1. The Skipper of the Alleycat wrote her history. CAPTAINS LOG: Written by Captain Benito. “In 1999 my wife and I purchased a seagoing trawler. She was older and seaworthy but not to fast or sexy. The 1978 Trawler was my real joy and we renamed her the Alley Cat to reflect our last name. Jill and I were members of the Stockton yacht club on the Delta for nine years and it was home for the AlleyCat. In 2001 My wife Jill Alley was the Commodore and we had plenty of fun cruising the Delta waterways. Before we purchased her 34 foot length, the ski boat we sold was a lot smaller. We had learned the bends and curves of many of the small and larger bodies of water. Cruising the marinas and hangouts, alone and with friends, the Alley Cat’s trial and errors kept us busy. We had adventures to master and Jill and I spent five years in all kinds of weather. As a retired submarine sailor, I was in my late forties, dreaming of deeper sea adventures. The dream of mine was to cruise the open waters of the Pacific. My job as a painting contractor and other things always got in the way of a real plan. That all changed with a visit to our friends home in the lower state of Baja Mexico. The small town of Loreto is located on the Sea of Cortez. This village was on the eastern coast of the peninsula, just north of La Paz by about 230 miles. A perfect paradise with airport access to the United States. Deep blue water and year round cruising that was perfect. In November 2004 we went to Loreto where the open sea called me home. The aqua blue Sea of Cortez beckoned us to explore the magic of this old village. Everything just fell into place, but moving to paradise required much planning and researched actions to make it our reality. The Alley Cat was stateside and the dream of moving her south, to Mexico took lots of organizing. Many of our friends and others feared for our safety in this move to Baja. Taking a boat 1,600 miles south seemed near impossible to most of our yacht club friends. The Alley Cat left San Francisco Bay with a motley crew of willing deck hands headed to Loreto, Mexico. ( Skipper- Ben Alley; Cookie- John Omlin; Olive Juice- Larry Mclean ) We departed on October 25, 2005 and cruised out boldly under the Golden Gate. The tide was studied and we left in faith on the 24th at almost eleven o’clock at night. The slack tide was a plus. We hit the blue water outside the Gate just after midnight. The dark Pacific Ocean lay ahead. All my preparations were well spent on the voyage. San Francisco Bay was as calm as glass, the night we cruised out. That all changed under the bridge. The seas came to life. The heavy surf and fog made it impossible to turn south. We were pushed northwest and continued on this tack for an hour or so. We finally made our move to the south. John and Larry had the first watch, the boat speed was 7.2 knots. The practice run to Monterey Bay, two years prior helped settle our nerves. I was below setting the course and auto pilot. Skipper watching the radar screen because we were crossing the shipping lanes. The captain became sea sick and had retired to the salon couch for some sleep. I was not much help as the little boat was pitching side to side. Thank God, my crew was up to that night and well prepared for the passage. The seas around the opening to San Francisco Bay have a history of some of the roughest conditions. It was called the” Potato Patch.” This night was no different. We were like on a toy out there. The first point of reference south was Pigeon Point Lighthouse. We were just south of Half Moon Bay. The boat running about eight miles off the coast. Alley Cat seemed to just crawl passed it for hours. A black sea and bitter cold conditions lay ahead. The cold weather and this piercing light arcing around us every few seconds. This situation made me wonder why this journey was so important. The lighthouse made us aware of how slow we were moving. I was scared and nauseated. My insides tossed as much as the deck on this small little vessel. What a way to start this voyage. I was the skipper and sick as a dog! Daybreak, finally appeared and my stomach got better. My sea legs were back. I relieved John on the bridge. He was the only one still awake. John’s spirits were high and appreciated. He was ready for a nap below in the forward state room, aka the cook’s quarters. Monterey Bay lay in front of us. The daily one man routine would now be two hours on and four hours off. The night maintained a two man watch. We did our checks on the engine room and putting things in order. The Alley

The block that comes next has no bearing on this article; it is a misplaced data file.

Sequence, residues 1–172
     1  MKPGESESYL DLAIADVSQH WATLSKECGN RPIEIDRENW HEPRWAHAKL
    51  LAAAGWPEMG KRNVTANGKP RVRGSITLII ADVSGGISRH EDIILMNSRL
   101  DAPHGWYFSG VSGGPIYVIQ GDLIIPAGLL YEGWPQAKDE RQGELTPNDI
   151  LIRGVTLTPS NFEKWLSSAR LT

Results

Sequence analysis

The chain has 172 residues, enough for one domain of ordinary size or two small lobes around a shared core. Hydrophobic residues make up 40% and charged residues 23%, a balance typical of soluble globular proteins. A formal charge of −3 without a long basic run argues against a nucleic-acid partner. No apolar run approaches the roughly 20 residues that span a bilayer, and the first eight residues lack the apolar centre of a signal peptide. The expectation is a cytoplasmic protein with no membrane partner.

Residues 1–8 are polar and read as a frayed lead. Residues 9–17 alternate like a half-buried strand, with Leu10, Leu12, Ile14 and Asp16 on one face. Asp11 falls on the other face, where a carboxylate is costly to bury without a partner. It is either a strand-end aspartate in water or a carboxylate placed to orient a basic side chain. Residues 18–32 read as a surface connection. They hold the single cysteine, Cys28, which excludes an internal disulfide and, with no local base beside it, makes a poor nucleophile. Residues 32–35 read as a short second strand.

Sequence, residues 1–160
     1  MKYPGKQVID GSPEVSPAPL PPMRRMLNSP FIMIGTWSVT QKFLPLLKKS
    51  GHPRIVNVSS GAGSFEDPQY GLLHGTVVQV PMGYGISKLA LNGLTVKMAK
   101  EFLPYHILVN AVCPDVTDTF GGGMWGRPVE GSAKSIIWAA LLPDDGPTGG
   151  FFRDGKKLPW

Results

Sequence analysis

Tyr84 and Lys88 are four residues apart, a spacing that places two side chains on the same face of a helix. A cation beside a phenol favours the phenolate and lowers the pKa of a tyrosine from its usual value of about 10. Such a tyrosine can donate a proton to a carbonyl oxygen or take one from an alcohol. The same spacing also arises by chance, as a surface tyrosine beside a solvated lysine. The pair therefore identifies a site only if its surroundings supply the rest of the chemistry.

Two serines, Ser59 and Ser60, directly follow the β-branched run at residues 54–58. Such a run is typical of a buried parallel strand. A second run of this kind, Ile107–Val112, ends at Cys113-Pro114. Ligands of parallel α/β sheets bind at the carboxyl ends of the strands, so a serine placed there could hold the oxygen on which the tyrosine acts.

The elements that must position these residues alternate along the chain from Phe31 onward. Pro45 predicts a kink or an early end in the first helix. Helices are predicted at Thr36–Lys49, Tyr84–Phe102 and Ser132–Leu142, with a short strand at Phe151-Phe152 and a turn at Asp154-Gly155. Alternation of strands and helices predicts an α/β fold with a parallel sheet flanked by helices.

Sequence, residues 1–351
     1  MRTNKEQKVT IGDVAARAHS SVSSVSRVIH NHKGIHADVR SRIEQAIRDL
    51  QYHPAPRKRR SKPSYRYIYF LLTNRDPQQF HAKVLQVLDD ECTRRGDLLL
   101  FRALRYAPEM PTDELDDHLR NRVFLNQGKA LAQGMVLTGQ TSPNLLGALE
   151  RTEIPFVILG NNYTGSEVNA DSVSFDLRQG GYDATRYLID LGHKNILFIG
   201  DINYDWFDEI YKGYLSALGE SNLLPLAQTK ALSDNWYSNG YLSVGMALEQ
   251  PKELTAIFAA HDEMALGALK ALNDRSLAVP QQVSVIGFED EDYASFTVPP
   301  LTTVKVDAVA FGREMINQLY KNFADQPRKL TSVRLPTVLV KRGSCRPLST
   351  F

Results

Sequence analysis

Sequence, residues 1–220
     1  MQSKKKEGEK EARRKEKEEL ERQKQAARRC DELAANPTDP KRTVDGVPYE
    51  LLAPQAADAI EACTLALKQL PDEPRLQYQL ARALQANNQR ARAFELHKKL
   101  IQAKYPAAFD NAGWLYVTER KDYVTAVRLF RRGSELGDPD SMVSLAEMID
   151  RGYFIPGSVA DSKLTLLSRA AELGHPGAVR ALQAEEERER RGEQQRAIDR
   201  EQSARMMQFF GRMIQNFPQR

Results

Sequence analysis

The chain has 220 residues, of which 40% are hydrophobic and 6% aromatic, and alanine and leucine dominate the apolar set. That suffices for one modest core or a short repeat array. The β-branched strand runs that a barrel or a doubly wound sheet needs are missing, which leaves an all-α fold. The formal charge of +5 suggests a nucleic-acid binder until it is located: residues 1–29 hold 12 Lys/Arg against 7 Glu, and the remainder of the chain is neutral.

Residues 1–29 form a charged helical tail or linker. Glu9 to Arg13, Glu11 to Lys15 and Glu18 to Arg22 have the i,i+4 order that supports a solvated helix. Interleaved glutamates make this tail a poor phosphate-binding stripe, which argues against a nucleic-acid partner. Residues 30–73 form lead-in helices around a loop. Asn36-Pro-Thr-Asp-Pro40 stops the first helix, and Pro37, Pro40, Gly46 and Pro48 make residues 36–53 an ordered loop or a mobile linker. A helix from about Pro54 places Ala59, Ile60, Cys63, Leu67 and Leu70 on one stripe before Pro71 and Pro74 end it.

Cat cruised the Bay at Monterey. Crossing the open water of the bay took all day. The beautiful seas and the added boat traffic welcomed us here. That afternoon six whales were dancing. It made us feel apart of the parade of life at sea. Men at sea can be a very interesting match. We didn’t really know each other that well. The more time alone together would tell the story. This small craft meant the three of us would bond for life in a special way. The boat cut off from the world and the crew having to rely on each other. Not just anyone could handle that. I being captain and part of this crew had to wear a smile and be confident, in all manner of situations. Life on the moving deck was something to behold. The boat cruising without stopping meant meals and other normal things were anything but. The boat would run day and night for five days before we would reach Ensenada. This would be our first planned stop, 530 miles away. The next leg of the trip meant